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A Whirlwind Road Trip in Malaysia — Malacca Bound

Zabir Rahman | October 1, 2021
A Whirlwind Road Trip in Malaysia — Malacca Bound

We set out from Colmar Tropicale at about 2 pm. As we descended the gentle slopes, the car enthusiast in me was in for a most exciting surprise. A Porsche Boxster first passed us by from the opposite direction. But as we took the next turn, it was an entire convoy of Porsches — from the haloed 911 to Cayennes, and every model in between. That they also came in pastel shades made the sight all the more exciting. And much as I reveled in the visual pleasure, I also listened in keenly to their deep and gnarly exhaust notes.

Some 10-15 minutes later, we were once again on the highway that we’d driven on from Kuala Lumpur. To get to Malacca, we’d have to retrace our ‘steps’ back to the capital, and then drive south to the historic town.

Now in India, if you’ve noticed, toll booths on highways are springing up at shorter intervals. But if this is a pain point, then Malaysia is a notch higher. Toll booths there come up even more frequently.

Breaking my highway reverie, however, were some very fast and extremely furious two-wheeler riders. Astride the equivalent of what we popularly call ‘scooties’, these riders would overtake even when we were cruising at over 100 km/hr. And when traffic would crawl because of construction or a collision ahead, these scooties would ride on the hard shoulder with equal fury. I was quite taken by their daredevilry.

A navigation error turned out for the better

We had to drive through the heart of Kuala Lumpur because we missed an exit that would have connected us to a southbound highway, without having to navigate bumper-to-bumper traffic. But the upside of this detour was being able to sample a bit of the city, even if from the confines of our car.

Personally, my eyes were fixated on what I call the ‘carscape’ — or the major kinds of cars that make up a particular country’s or city’s streets. In Malaysia’s case, while the majority of vehicles were either Protons and Peroduas, there was a fair share of premium German name plates too. What was also interesting to note were the various Chinese auto makers’ offerings. Some of their SUVs were gorgeous.

Once we were beyond the city limits, it was once again driving bliss. The six-lane highway meandered past rolling hillsides, a lot of which had palm plantations. Malaysia, it turns out, is one of the world’s largest palm oil producers. And among its largest importers is India. If you’re health conscious, you’re aware, I’m sure, that palm oil is not seen in positive light.

The sun was setting fast when we stopped for some fuel at a rest stop. Adjacent to it was an A&W’s outlet; I was fond of their burgers when I lived in Canada. After some six years or so, I was able to dig into a juicy A&W burger with sweet potato fries.

Further observation of the ‘carscape’

Once we were back on the highway, a classic Rover Mini overtook us. It seemed to be doing a pretty good clip for a car of its age. Now, the Rover version of the Mini was its original iteration. It was the Maruti 800 equivalent for the UK and several other European economies. Designed by an automotive legend called Sir Alec Issigonis, the car has now acquired a cult following, much like the original Volkswagen Beetle.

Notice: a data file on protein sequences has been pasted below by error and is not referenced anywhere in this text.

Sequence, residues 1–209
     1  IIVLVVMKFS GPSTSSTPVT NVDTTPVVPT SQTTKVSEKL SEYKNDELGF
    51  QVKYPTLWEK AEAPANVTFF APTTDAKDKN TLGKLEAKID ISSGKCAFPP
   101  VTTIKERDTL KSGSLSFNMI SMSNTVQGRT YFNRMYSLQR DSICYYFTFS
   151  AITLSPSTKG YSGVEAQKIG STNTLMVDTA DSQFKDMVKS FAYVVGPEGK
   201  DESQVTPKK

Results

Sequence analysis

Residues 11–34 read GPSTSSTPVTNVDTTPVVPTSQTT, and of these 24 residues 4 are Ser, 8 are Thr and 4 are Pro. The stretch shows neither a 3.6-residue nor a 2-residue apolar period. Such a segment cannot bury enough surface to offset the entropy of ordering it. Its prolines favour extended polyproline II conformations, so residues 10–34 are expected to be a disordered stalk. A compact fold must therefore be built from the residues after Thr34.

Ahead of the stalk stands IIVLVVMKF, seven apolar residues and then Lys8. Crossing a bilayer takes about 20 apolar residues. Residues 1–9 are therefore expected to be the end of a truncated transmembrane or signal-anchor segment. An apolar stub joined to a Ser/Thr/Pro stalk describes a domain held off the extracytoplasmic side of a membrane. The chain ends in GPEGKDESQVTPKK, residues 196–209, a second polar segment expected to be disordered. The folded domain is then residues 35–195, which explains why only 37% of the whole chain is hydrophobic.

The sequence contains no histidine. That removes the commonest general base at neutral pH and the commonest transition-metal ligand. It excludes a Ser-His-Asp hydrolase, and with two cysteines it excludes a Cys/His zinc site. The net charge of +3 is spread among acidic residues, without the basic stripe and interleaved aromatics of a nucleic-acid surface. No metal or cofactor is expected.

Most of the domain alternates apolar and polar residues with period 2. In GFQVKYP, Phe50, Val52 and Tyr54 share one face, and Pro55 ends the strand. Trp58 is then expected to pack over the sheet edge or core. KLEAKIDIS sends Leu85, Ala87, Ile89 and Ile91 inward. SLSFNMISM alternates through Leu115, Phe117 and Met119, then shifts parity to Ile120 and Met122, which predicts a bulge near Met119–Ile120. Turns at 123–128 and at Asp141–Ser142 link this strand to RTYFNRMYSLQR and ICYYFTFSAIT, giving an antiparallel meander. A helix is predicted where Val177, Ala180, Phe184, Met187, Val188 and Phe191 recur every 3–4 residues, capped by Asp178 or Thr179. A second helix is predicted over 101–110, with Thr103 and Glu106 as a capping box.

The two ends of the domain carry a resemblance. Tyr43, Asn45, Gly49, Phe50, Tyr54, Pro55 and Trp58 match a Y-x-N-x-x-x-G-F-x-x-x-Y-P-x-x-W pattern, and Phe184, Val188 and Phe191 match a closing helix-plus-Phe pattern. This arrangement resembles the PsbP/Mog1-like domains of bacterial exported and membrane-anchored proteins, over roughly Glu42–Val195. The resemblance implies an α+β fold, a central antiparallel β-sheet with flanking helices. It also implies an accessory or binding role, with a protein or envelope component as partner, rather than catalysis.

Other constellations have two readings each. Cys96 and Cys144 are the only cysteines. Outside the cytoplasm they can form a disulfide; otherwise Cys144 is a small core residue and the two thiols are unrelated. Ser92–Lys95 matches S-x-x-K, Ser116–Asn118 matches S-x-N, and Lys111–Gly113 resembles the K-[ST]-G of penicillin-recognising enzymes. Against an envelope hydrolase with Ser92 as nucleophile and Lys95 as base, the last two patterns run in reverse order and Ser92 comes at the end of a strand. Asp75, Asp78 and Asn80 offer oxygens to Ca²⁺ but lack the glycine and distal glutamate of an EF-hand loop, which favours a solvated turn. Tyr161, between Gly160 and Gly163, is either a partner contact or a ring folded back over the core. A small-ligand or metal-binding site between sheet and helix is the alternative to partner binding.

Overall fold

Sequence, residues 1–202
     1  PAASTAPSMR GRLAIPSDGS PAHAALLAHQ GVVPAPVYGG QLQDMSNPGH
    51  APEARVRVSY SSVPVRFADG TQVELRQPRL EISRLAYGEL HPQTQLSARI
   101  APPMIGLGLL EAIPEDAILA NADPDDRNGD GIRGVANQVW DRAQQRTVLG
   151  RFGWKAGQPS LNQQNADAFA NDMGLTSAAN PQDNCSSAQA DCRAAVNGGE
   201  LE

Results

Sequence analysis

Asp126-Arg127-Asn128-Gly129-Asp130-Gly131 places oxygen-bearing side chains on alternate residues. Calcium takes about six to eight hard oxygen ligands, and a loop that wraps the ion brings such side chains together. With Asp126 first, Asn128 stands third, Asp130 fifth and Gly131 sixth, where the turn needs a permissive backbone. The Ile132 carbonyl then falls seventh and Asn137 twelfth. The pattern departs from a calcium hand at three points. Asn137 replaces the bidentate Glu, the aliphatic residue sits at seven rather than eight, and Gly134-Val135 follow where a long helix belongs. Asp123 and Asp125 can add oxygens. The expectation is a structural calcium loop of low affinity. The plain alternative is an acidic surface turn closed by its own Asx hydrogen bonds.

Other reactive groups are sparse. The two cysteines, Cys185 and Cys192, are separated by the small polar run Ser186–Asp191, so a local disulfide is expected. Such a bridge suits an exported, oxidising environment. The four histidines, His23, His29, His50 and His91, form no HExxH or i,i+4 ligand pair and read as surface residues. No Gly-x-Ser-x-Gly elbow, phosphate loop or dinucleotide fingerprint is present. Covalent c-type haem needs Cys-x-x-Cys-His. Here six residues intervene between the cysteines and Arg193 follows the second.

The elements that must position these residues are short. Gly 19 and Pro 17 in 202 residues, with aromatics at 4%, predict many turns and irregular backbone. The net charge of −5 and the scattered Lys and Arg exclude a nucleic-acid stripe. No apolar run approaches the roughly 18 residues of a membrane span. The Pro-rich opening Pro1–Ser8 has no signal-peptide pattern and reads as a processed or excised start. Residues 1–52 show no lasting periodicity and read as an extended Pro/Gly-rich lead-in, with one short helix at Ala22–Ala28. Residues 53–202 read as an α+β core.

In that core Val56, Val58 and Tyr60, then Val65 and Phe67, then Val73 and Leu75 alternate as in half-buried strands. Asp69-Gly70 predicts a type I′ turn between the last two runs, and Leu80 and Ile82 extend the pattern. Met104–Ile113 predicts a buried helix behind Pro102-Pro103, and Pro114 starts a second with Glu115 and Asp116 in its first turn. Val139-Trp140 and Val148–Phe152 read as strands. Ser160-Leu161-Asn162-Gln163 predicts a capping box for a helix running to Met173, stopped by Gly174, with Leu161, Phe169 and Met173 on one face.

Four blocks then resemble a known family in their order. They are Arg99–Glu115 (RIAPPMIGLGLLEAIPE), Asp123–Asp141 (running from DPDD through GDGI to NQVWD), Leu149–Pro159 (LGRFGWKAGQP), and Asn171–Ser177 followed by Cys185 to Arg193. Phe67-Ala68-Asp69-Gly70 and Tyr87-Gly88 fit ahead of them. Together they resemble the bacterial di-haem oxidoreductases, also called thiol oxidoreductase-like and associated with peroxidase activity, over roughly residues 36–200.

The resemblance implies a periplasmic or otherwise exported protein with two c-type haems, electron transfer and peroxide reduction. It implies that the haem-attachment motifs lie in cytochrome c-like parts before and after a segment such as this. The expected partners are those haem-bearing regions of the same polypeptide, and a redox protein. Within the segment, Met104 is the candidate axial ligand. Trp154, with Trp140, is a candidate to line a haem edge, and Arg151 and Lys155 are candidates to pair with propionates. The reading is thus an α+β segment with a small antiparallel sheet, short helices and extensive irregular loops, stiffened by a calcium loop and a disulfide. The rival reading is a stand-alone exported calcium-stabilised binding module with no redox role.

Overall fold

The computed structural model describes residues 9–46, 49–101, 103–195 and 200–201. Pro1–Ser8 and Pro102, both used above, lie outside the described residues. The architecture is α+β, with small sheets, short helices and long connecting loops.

If you’re familiar with the Mr. Bean series, his trademark yellow vehicle is a Rover Mini. Now, Rover at some point was sold to BMW. The German automaker then gave the world its current iteration — an absolute phenomenal work of engineering.

Not too long after, we exited the highway towards Malacca. Beas had made a booking at the Bayview Hotel Melaka — a fairly fancy property. It wasn’t difficult to find and quick refreshments later, we decided to explore the city on foot.

A cosmopolitan city

Malacca is steeped in history that goes back to the 14th century. Its medieval history began with a Sumatran ruler. He’d settled there after being driven out by a Thai controlled army from his earlier base. There was also a Chinese association formed by way of the explorer called Admiral Zheng He.

With its coastal location, Malacca became an important trading hub. It was visited by traders from the Arab world, and from India and China. At some point, the Portuguese came calling. They assumed control of the sultanate in 1511. Melaka prospered as a Portuguese colony and this was probably when it caught the attention of the Dutch. With help from a neigbouring sultan, the Dutch overthrew the Portuguese and ruled until a third coloniser came along. Not surprisingly, it was the British this time around. In 1795, they assumed the reins and continued to wield power until Malaysia became an independent country in 1957.


This article is the fourth part in a five-part series. The first part can be read here, the second part here, and the third part here.

Zabir Rahman

Zabir drives research writing at Stonebench, Singapore. His core interest was automobiles, although with time, he thinks he is growing more fond of writing and teaching. Zabir is now keenly interested in the technology space and is part of the Elbyte editorial team.

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